The Netherlands Institute for Space Research (SRON) has delivered the first three prism lattices for the Sentinel-5 satellite. These high-tech lattices will play an indispensable role in the satellite’s task, which is to observe Earth.
The lattice is the result of several years of development at SRON and the Netherlands Organisation for Applied Scientific Research (TNO). It is a complicated piece of engineering, as it has to be small enough to fit on the satellite, but accurate enough to be able to capture and scatter infrared light across the entire light spectrum. Silicon, the material used to make chips, was used to achieve the sharp angle. Chip-manufacturing technology was deployed to grind the silicon accurately almost down to atomic level, ensuring that the angle of the infrared light is just right.
The lattice must then be attached to the prism. The prism was made in France, but its design was conceived in the Netherlands. This is another complicated task: if the lattice is not perfectly flat, the finished device will not be able to scatter the radiation properly. Even a few irregularities at nanometre level are enough to cause problems. Getting the tolerance within limits requires patience and precision when grinding the lattice, and required a lot of attempts.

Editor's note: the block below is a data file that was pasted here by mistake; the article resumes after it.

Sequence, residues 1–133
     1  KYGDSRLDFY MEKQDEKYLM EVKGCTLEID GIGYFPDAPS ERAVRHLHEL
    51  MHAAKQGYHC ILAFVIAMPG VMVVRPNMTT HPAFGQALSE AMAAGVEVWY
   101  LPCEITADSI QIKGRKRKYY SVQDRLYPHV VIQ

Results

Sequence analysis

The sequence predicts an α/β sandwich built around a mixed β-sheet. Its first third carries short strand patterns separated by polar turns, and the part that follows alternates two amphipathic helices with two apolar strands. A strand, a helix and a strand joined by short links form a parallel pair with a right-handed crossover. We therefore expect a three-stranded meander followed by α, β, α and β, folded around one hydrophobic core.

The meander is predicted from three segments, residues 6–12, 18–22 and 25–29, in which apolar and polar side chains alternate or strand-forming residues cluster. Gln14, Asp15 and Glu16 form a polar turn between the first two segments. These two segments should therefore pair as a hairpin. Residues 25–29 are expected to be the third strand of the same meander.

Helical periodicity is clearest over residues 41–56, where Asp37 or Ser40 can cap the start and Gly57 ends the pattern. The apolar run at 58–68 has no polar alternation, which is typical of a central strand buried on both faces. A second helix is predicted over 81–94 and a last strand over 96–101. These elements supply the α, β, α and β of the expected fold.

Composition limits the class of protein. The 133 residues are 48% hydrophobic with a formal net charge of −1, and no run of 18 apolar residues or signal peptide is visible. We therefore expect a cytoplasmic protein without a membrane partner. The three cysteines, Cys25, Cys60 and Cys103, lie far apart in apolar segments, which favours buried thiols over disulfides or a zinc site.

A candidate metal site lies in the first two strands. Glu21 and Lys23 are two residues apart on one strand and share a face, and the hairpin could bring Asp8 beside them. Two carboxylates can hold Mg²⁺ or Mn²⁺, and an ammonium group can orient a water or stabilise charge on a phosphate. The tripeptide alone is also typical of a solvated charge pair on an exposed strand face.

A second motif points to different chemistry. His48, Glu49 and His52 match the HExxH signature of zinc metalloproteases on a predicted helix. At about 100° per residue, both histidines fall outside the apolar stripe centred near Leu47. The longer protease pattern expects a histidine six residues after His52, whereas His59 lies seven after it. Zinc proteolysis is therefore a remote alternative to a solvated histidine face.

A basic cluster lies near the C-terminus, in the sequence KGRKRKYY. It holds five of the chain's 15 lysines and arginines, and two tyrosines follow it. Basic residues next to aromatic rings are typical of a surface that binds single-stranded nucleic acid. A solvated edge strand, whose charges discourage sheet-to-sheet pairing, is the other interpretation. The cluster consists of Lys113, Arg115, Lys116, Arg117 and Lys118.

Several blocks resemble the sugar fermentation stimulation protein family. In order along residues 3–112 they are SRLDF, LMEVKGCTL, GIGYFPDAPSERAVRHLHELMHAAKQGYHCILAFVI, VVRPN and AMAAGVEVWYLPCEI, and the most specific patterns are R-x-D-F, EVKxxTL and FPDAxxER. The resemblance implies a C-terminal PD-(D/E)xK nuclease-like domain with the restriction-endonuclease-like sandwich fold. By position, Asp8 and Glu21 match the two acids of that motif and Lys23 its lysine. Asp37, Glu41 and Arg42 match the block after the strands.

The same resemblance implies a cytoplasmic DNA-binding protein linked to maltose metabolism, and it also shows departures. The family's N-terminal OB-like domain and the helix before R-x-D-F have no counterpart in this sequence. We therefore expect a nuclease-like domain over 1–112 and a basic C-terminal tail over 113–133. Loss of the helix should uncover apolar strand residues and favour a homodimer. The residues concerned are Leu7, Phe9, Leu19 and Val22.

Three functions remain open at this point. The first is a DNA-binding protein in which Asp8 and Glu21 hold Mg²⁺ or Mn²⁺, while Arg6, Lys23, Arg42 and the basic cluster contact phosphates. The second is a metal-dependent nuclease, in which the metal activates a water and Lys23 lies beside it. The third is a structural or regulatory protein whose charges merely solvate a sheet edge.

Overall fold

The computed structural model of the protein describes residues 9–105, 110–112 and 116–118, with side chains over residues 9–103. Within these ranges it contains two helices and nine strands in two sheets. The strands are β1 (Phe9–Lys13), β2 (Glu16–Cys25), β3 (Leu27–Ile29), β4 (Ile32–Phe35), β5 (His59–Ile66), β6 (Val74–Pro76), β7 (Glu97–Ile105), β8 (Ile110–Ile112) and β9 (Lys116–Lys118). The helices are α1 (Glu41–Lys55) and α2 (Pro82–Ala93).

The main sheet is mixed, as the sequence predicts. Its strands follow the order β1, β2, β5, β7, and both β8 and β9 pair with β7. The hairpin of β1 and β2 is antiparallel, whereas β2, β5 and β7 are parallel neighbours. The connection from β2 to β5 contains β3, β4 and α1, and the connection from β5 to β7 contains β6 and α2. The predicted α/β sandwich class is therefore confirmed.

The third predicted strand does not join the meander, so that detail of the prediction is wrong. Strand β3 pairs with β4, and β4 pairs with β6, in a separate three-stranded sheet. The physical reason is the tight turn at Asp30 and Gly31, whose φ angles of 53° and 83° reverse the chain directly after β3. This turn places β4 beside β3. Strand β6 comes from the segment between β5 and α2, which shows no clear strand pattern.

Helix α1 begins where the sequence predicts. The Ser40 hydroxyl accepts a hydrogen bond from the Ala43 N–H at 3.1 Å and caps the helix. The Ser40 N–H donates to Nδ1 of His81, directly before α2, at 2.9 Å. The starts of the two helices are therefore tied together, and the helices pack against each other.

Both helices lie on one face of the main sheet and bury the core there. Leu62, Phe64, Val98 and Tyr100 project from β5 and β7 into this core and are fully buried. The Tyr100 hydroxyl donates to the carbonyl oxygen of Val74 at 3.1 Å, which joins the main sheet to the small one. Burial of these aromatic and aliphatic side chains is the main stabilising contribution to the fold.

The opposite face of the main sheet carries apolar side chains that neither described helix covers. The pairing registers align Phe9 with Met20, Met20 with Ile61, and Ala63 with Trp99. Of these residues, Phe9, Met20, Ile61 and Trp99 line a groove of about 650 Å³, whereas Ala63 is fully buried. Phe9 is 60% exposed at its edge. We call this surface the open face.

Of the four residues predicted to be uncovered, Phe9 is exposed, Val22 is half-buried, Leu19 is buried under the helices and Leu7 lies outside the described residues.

Bonded with water
Attaching the lattice to the prism was yet another challenge. Glue does not work, as it would reflect or scatter the light. The only thing up to the job is a molecular bond, which SRON and TNO achieved with a layer of water the size of a single atom. This layer of water was precisely enough to hold everything together.
When it was assembled, the device underwent a series of tests. Launch vibrations, extreme temperature differences and other conditions encountered on space missions had to be simulated to make sure that the lattice will work reliably in space.
When SRON and TNO started, a lattice had never been made from silicon before. Delivering the lattice to the Leonardo company, which is assembling the rest of the spectrometer, is the icing on the cake. 'What we’ve made is unique,' project manager Luc Dubbeldam told De Ingenieur earlier.
Leonardo will make the lattice into an infrared spectroscope, which will measure substances in the atmosphere. Thanks to the SRON lattice, all these different gases can now be measured, as it scatters light in such a way that a spectroscope can detect exactly which parts of the spectrum are absorbed and which are not.
The complete device will be part of the equipment of the Sentinel-5, a European space mission for observing Earth. The satellite will measure climate change and air quality. The launch of the satellite is scheduled in 2021.
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